Given the massive polarization between Republicans and Democrats, I have been thinking a lot about how our personal views on the environment, social issues, economics and therefore politics can affect our world-views and possibly derail a rational and disciplined long-term investment strategy.
During the Obama years, I found myself constantly asked to defend economic data in the face of doubt amongst Republicans. Indeed, after the Great Recession, unemployment, GDP, and importantly, corporate profits all staged recoveries, albeit slow ones. But it seemed that many politically conservative investors (and managers) were reluctant to believe the data and therefore invest. Many stayed on the sidelines, sitting heavy in cash and bonds, missing out on at least some of the 235% gains for the S&P 500 during Obama’s residency in the White House.
Why? Well, some undoubtedly exited the markets during the crisis and were emotionally incapable of getting back in. But a lot seemed unwilling to believe in the recovery. It seemed that whenever employment data came out, there were always naysayers, citing for example participation rates (which actually started declining during the Clinton era long before Obama), rather than getting excited by the steady increases in non-farm payrolls or reductions in unemployment. Likewise, whenever inflation data showed no imminent crisis from loose monetary policy, the same people would posit that inflation is actually rampant but not getting picked up. It just seemed that Conservatives tended to be reticent to believe that things could possibly be getting better. They just wouldn’t or couldn’t buy it.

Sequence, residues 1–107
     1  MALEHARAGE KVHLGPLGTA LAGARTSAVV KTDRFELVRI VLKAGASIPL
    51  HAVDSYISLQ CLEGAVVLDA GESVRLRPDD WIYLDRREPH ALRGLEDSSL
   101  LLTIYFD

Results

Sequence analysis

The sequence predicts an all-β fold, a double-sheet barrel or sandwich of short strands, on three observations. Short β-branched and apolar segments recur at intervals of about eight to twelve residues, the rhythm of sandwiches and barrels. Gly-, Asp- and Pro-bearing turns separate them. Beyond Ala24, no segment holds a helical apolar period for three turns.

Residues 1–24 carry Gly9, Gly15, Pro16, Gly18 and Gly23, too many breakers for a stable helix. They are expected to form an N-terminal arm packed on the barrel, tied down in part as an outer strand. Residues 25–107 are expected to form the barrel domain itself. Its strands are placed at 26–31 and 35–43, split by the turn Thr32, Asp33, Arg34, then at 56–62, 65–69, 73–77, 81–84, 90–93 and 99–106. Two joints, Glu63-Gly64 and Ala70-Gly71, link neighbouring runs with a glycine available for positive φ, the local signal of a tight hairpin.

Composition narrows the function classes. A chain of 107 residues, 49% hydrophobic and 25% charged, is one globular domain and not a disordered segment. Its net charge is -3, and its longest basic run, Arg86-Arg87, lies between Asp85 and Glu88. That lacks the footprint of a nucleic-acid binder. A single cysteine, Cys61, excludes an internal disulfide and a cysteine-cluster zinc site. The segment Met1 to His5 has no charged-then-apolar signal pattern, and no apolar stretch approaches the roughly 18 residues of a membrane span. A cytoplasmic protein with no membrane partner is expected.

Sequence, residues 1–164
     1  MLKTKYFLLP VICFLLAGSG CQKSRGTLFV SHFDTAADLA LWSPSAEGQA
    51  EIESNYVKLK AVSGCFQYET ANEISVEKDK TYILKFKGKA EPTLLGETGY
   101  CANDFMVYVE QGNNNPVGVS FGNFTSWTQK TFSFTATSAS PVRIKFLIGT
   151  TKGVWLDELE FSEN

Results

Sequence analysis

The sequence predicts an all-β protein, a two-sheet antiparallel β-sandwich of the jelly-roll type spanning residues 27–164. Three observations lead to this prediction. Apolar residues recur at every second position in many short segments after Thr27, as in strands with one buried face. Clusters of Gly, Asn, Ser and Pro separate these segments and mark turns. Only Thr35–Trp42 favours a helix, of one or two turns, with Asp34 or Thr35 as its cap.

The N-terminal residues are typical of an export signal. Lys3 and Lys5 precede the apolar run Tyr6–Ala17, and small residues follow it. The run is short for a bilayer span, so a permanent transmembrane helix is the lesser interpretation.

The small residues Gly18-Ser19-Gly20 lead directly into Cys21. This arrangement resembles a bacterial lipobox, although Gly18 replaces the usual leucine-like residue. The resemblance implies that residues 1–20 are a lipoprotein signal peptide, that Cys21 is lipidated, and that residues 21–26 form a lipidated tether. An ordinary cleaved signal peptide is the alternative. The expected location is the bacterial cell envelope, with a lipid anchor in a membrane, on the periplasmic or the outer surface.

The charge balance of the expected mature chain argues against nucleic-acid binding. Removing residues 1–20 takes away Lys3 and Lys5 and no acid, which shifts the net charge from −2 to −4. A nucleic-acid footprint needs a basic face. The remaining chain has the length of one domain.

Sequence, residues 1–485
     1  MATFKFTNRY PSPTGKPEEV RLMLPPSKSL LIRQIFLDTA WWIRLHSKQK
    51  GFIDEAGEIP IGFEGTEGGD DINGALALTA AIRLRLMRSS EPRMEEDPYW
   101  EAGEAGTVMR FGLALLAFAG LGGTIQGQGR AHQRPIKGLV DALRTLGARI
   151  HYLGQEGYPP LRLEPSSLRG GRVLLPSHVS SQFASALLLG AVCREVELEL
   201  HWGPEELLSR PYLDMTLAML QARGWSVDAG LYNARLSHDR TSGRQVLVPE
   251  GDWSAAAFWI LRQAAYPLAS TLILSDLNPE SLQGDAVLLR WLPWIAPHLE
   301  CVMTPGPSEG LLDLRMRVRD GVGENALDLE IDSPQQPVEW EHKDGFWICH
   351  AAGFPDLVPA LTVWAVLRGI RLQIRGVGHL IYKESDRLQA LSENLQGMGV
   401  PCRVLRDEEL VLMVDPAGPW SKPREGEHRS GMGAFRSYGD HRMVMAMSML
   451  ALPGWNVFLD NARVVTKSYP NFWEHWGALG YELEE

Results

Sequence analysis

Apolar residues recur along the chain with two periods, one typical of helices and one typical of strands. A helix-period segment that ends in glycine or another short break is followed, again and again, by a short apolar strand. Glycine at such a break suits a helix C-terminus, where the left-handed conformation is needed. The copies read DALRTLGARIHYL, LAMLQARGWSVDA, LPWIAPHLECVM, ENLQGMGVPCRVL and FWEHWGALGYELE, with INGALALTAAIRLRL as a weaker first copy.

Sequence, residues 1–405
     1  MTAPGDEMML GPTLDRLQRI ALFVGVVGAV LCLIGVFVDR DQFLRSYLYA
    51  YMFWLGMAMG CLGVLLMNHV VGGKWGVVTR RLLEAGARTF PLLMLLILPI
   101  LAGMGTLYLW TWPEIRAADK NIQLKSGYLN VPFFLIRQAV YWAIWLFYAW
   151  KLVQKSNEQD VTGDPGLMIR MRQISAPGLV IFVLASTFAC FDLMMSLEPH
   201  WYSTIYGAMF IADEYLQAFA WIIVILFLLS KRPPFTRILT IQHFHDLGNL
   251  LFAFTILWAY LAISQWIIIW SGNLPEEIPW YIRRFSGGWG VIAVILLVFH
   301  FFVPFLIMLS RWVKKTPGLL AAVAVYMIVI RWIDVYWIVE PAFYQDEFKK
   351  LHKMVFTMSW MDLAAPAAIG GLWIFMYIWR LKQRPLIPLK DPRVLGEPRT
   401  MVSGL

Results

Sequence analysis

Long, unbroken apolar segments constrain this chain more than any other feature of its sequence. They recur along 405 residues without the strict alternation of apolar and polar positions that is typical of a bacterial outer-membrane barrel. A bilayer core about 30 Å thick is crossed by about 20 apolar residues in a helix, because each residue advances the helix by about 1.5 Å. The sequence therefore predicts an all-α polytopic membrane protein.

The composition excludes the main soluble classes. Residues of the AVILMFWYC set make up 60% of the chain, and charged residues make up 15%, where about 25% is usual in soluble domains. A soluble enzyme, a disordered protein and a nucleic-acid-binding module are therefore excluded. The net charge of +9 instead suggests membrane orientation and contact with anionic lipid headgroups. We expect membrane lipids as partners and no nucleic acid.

Now that the tables are turned, it seems that monies are rushing in from conservative sources. I don’t have any firm data to prove it, but consider the chart from the Wall Street Journal below. Look at that spike in the red upon Trump’s election. It seems logical to conclude that some of the recent bull market is due to conservatives’ new appetite for risk, bidding stock prices higher. It is unfortunate for them that they are investing now after likely missing so much in gains and when corporate valuations are so much higher.
At the same time, we have been inundated with calls from our more liberal clients to help them understand that the world will not end with Trump, and that they should stay invested.
I guess it is pretty logical on the surface to imagine that people want to vote with their wallets as well as their ballots. And if one’s political leader lost, then one can imagine excitement over the investment environment might suffer. But this kind of subjective reasoning ignores some pretty basic tenets of long-term investing. First, making investment decisions based upon how we feel about ‘things’ is a recipe for disaster. Even if we knew how a presidential leader might affect the economy, the markets are not the economy. Conservatives hate the idea of government dollars fueling an economic recovery, but if those dollars also fueled higher stock prices, it is a shame to miss out on the price appreciation necessary to support their retirement goals. At the same time, liberals hate almost everything Trump stands for, but if this “Republican” can implement fiscal spending (much of which they have wanted for years) to spur growth and they sit in cash in protest, the value of their hard-earned dollars could be eaten away by inflation.
The market doesn’t care about how any one of us “feels” about things. Sure there are very effective ways to support personal causes through socially responsible screens on portfolios and/or impact investing to target specific industries (a very exciting topic outside the scope of this blog), but when it comes to one’s broader allocations to risk, one should be dispassionately objective. Otherwise, one risks materially affecting one’s financial future.
 Standard and Poor’s, Inc.; 01/20/09 – 01/20/17